Normal Coronary Blood Flow
The resting coronary blood flow in the human being averages about 225 ml/min, which is about 4 to 5 per cent of the total cardiac output.
During strenuous exercise, the heart in the young adult increases its cardiac output fourfold to seven-fold, and it pumps this blood against a higher than normal arterial pressure. Consequently, the work
output of the heart under severe conditions may increase sixfold to ninefold. At the same time, the coronary blood flow increases threefold to fourfold to supply the extra nutrients needed by the heart. This increase is not as much as the increase in workload which means that the ratio of energy expenditure by the heart to coronary blood flow increases. Thus, the efficiency” of cardiac utilization of energy increases to make up for the relative deficiency of coronary blood supply.
Phasic Changes in Coronary Blood Flow During Systole and Diastole—Effect of Cardiac Muscle Compression. Figure21–4 shows the changes in blood flow through thenutrient capillaries of the left ventricular coronarysystem in milliliters per minute in the human heart during systole and diastole, as extrapolated from experiments in lower animals. Note from this diagram that the coronary capillary blood flow in the left ven-tricle muscle falls to a low value during systole, which is opposite to flow in vascular beds elsewhere in the body. The reason for this is strong compression of the left ventricular muscle around the intramuscular vessels during systolic contraction.
During diastole, the cardiac muscle relaxes and no longer obstructs blood flow through the left ventricu-lar muscle capillaries, so that blood flows rapidly during all of diastole.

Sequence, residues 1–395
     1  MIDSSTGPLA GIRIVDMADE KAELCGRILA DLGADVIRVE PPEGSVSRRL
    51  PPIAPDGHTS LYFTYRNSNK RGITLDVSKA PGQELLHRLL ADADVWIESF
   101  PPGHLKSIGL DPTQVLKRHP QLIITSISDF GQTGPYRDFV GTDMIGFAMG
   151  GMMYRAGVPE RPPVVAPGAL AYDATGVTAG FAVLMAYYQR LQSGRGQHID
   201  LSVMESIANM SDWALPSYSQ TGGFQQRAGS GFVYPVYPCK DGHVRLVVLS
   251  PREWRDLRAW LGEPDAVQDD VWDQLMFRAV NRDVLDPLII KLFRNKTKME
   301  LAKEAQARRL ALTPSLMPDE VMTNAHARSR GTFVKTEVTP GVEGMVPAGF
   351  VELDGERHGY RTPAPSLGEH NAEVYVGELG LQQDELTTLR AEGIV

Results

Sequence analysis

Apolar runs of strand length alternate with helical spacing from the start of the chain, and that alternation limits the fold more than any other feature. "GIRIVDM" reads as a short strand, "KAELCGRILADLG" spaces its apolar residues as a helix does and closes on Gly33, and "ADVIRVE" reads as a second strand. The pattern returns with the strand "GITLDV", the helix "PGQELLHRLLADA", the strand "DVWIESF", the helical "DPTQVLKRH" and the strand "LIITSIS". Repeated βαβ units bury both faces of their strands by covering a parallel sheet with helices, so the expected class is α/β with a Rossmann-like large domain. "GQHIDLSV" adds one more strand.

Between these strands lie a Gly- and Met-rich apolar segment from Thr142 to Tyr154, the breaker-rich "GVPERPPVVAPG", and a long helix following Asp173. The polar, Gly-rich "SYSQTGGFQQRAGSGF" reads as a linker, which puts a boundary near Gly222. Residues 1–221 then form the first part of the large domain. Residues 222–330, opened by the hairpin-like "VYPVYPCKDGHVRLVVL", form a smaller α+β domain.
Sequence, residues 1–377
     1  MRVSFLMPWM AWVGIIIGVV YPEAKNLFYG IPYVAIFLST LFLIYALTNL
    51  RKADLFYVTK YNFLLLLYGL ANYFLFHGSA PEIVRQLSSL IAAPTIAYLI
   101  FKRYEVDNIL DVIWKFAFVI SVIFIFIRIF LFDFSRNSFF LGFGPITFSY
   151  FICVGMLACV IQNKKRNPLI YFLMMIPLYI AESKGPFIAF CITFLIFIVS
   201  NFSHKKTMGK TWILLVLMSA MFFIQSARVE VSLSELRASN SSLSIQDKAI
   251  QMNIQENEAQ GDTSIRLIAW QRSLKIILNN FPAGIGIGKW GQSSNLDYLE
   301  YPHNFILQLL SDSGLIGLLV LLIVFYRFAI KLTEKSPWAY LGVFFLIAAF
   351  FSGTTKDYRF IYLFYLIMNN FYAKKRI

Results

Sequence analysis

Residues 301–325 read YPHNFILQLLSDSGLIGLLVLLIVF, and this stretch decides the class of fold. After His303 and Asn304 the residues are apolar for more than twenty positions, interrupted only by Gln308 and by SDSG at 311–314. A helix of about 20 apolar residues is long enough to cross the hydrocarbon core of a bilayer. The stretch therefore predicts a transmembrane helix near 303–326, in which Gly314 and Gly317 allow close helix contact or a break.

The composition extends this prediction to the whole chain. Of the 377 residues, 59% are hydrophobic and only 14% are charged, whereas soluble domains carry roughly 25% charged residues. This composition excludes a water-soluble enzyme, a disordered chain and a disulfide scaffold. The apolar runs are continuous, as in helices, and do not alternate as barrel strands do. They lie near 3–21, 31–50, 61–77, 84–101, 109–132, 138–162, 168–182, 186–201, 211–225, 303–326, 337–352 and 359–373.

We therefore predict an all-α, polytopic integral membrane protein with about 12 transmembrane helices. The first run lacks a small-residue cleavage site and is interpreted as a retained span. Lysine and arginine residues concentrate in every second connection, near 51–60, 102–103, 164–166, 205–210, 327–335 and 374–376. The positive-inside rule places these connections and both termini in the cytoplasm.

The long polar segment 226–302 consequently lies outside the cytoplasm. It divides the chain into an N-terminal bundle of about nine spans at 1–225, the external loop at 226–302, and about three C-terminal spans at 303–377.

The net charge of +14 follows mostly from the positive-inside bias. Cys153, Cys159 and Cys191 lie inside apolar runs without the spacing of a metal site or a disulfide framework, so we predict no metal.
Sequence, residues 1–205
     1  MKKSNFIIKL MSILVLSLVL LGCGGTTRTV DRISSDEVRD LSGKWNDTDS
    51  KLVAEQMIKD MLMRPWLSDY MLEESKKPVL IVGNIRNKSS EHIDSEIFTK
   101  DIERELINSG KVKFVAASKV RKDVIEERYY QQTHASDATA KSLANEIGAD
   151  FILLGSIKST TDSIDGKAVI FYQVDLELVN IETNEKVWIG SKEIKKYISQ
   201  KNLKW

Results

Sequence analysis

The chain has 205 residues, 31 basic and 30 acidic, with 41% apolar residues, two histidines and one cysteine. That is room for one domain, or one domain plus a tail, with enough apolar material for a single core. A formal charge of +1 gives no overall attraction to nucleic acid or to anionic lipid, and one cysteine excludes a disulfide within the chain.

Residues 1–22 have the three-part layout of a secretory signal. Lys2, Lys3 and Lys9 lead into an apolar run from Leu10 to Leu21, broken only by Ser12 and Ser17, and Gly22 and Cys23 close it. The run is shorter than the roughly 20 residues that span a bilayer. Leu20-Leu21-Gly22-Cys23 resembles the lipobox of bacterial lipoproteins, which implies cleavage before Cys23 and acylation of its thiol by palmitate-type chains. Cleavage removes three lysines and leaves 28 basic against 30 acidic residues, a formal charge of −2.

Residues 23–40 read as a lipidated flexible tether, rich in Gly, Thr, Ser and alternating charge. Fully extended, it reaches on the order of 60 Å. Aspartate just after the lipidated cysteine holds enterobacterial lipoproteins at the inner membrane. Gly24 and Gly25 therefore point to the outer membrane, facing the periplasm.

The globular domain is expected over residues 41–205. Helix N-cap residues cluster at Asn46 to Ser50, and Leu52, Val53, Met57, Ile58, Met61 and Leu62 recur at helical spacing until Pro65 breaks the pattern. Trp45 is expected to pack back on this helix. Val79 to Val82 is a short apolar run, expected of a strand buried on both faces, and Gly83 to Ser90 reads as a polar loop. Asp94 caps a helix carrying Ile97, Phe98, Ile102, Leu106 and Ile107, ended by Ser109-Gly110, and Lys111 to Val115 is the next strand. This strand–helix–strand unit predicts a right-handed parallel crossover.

Blood flow through the coronary capillaries of the right ventricle also undergoes phasic changes duringthe cardiac cycle, but because the force of contraction of the right ventricular muscle is far less than that of the left ventricular muscle, the inverse phasic changes are only partial in contrast to those in the left ventric-ular muscle.
Epicardial Versus Subendocardial Coronary Blood Flow—Effect of Intramyocardial Pressure. Figure 21–5 demonstrates the special arrangement of the coronary vessels at dif- ferent depths in the heart muscle, showing on the outer surface epicardial coronary arteries that supply most of the muscle. Smaller, intramuscular arteries derived from the epicardial arteries penetrate the muscle, supplying the needed nutrients. Lying immediately beneath the endocardium is a plexus of subendocar- dial arteries. During systole, blood flow through the subendocardial plexus of the left ventricle, where the intramuscular coronary vessels are compressed greatly by ventricular muscle contraction, tends to be reduced. But the extra vessels of the subendocardial plexus nor- mally compensate for this. Later, we will see that this peculiar difference between blood flow in the epicardial and subendocardial arteries plays an important role in certain types of coronary ischemia.